Dallas Cowboys Offensive Line Coach Bill Callahan Providing No Answers
For years, the Dallas Cowboys boasted one of the best offensive line coaches of all time. I speak of none other than Hudson Houck.
Houck enjoyed two world championships with the Cowboys in 1993 and 1995 but also saw a couple of 5-11 seasons in 2000 and 2001. He finished his second tour of duty in Dallas last season, picking up a playoff win in 2009 during his four-year stay.
Let’s just say that Houck has seen all there is to see as an offensive line coach. He’s one of the few assistant coaches who remained in the same position for virtually his entire career.
Put it this way: Houck has coached offensive lines that paved the way for running backs like Emmitt Smith, LaDainian Tomlinson and Eric Dickerson.
Following Houck’s retirement from coaching in early 2012, the Cowboys reached for perhaps a more recognizable name to fill Houck's big shoes.
Even though Callahan has been coaching in the NFL since 1995, the last season Dallas won a Super Bowl, he certainly doesn’t have the depth of experience that Houck had as an offensive line coach.
If you’ve watched the Cowboys during 2012, you can clearly see that the offensive line is much closer to bad than good, and that’s putting it nicely. Quarterback Tony Romo has been on the run since the season started, except for an opening-night win over the Giants in New York.
Granted, Callahan is coming into a new system that features new interior linemen and tackles who have been flipped from their respective positions a year ago.
Not exactly a recipe for early success, for sure.
But then again, who’s says you can’t be successful early in the NFL these days?
Upon looking at Callahan’s career, I just don’t see anything that makes me believe that he is the advanced specialist we were told by Valley Ranch that he was.
His college experience aside, that one Super Bowl season of 2002 with Oakland is the lone highlight that I can see. Of course, if you watched that game and have any recollection at all, you remember that the outcome was something less than special for the “Men in White” that day.
Fact is this: ESPN broadcaster and former head coach Jon Gruden had put in most of the work in Oakland and had just been hired away the year before to leave the Bay Area for another bay, that one in Tampa, Fla. So Gruden, who himself took over an awesome Buccaneers defense that was already of contending quality, essentially got to play an inferior opponent that he knew backward and forward.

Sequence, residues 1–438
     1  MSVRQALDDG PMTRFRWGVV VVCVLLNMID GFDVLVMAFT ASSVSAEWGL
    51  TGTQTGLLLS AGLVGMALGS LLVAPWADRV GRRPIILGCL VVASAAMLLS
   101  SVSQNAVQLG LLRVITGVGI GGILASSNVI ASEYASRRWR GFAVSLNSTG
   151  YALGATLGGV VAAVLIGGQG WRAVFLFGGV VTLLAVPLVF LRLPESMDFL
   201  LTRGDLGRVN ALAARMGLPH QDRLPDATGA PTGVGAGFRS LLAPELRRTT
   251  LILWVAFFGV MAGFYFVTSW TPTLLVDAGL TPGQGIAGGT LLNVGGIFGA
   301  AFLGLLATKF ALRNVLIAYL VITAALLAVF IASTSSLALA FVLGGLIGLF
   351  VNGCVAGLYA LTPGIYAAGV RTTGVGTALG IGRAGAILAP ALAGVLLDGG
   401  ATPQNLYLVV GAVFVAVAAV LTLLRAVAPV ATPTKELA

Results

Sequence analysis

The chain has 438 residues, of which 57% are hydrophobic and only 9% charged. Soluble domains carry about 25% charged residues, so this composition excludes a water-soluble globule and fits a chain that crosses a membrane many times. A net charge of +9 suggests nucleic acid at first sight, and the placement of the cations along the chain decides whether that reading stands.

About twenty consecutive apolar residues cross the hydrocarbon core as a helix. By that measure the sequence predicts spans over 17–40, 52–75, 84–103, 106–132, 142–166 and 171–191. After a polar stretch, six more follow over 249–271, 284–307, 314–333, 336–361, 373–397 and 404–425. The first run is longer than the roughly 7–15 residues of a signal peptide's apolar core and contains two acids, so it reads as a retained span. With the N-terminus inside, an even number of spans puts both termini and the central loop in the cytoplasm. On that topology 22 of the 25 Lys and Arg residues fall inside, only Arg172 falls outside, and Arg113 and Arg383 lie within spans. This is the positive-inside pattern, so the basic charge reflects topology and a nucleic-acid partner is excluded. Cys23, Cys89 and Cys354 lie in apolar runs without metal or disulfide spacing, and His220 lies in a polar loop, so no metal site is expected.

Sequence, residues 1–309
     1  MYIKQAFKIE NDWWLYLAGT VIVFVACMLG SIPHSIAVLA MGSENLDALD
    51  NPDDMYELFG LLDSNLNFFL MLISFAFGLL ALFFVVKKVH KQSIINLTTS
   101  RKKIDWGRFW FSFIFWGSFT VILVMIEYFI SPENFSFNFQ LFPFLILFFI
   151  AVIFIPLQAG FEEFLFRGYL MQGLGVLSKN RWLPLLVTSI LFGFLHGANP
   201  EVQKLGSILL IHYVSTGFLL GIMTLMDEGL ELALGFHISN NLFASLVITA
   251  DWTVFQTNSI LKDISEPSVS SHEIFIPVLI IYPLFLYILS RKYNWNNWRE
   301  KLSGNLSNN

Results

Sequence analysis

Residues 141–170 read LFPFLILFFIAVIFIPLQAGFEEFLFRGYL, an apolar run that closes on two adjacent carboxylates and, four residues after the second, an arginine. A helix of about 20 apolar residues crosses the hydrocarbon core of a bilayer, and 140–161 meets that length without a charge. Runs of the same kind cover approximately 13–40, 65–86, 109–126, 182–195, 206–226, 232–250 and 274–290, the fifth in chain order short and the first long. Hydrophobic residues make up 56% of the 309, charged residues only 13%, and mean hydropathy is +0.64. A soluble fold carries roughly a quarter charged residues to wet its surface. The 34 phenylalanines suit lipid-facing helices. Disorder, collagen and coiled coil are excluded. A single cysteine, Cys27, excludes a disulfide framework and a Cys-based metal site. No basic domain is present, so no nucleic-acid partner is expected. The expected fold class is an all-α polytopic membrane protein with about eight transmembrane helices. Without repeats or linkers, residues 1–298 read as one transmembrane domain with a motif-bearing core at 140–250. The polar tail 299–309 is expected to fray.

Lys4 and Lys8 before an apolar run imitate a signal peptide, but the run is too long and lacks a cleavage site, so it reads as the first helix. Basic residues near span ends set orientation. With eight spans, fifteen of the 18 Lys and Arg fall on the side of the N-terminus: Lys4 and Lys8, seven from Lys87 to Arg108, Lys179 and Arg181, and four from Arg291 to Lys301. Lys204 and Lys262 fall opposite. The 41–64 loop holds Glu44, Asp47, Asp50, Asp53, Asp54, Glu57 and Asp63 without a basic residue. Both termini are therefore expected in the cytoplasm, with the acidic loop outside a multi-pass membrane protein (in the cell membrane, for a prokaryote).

Let’s just say that the final score of 48-21 in favor of the Bucs showed two things.
First, Callahan was definitely overmatched by an NFC opponent that was younger, faster, stronger and certainly more talented than the aging Raiders.
Second, it showed nothing about Callahan’s ability to compete or adjust.
Following a 4-12 regular season in 2003, Callahan was dismissed by the late Al Davis, and you have never heard Callahan’s name mentioned as a head coaching candidate in the NFL again. I’m not sure he would have ever been a head coach had Gruden not been purchased for a ransom by Tampa Bay.
Next for Callahan was his last head coaching stop, but this one in the college ranks. Arriving in Lincoln, Nebraska, for the 2004 regular season, Callahan was the first head coach in four decades to be hired without any previous ties to the Cornhuskers program.
Having won three national championships in the 1990s, expectations were high that Callahan’s NFL experience could get the program back to the top.
Callahan made it four seasons before being canned, at which point he told the media that he had been excellent in every area.
Here’s how excellent he was:
*Two losing seasons in four years.
*Failed to finish ranked three times. The ‘Huskers had only done that once since 1962.
*Presided over a five-game losing streak.
His head coaching ambition likely shelved, Callahan resurfaced in New York as the offensive line coach and assistant head coach of the Jets for the 2008 regular season. In Eric Mangini’s final season as head coach, featuring Brett Favre at quarterback, the Jets went 9-7 and did not make the postseason.
Then came the Rex Ryan regime and Callahan was spared the guillotine, but to what end? Sure, New York earned a wild-card berths before losing AFC Championship games in 2009 and 2010, but nobody will tell you that offense is the reason it got there.
Callahan may not be the most pressing problem with the Dallas offense. In fact, I’ll tell you he is not. But if you’re expecting some kind of dramatic turnaround for the Dallas offensive line this season, you might want to rethink that idea.
The Cowboys are quite fortunate that they are not 1-3 as opposed to 2-2 heading into their bye week. There is absolutely zero evidence so far that Callahan has a single answer.
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